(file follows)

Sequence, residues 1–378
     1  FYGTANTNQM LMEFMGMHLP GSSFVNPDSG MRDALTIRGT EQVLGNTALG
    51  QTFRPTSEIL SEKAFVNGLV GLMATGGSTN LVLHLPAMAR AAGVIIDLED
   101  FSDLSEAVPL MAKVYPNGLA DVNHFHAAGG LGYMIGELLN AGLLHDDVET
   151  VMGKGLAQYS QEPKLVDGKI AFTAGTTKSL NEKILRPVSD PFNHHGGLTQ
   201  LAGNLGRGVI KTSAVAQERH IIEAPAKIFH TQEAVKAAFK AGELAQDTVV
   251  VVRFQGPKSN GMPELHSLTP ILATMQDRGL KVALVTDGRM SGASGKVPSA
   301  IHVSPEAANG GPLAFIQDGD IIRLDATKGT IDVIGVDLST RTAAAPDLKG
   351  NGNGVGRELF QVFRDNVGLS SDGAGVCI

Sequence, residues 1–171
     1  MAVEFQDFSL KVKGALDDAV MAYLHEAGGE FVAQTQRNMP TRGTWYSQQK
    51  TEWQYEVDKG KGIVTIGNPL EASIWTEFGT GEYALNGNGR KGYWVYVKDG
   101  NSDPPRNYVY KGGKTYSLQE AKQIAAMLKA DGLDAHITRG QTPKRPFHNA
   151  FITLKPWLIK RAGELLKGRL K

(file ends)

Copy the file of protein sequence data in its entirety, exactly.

Sequence, residues 1–378
     1  FYGTANTNQM LMEFMGMHLP GSSFVNPDSG MRDALTIRGT EQVLGNTALG
    51  QTFRPTSEIL SEKAFVNGLV GLMATGGSTN LVLHLPAMAR AAGVIIDLED
   101  FSDLSEAVPL MAKVYPNGLA DVNHFHAAGG LGYMIGELLN AGLLHDDVET
   151  VMGKGLAQYS QEPKLVDGKI AFTAGTTKSL NEKILRPVSD PFNHHGGLTQ
   201  LAGNLGRGVI KTSAVAQERH IIEAPAKIFH TQEAVKAAFK AGELAQDTVV
   251  VVRFQGPKSN GMPELHSLTP ILATMQDRGL KVALVTDGRM SGASGKVPSA
   301  IHVSPEAANG GPLAFIQDGD IIRLDATKGT IDVIGVDLST RTAAAPDLKG
   351  NGNGVGRELF QVFRDNVGLS SDGAGVCI

Sequence, residues 1–171
     1  MAVEFQDFSL KVKGALDDAV MAYLHEAGGE FVAQTQRNMP TRGTWYSQQK
    51  TEWQYEVDKG KGIVTIGNPL EASIWTEFGT GEYALNGNGR KGYWVYVKDG
   101  NSDPPRNYVY KGGKTYSLQE AKQIAAMLKA DGLDAHITRG QTPKRPFHNA
   151  FITLKPWLIK RAGELLKGRL K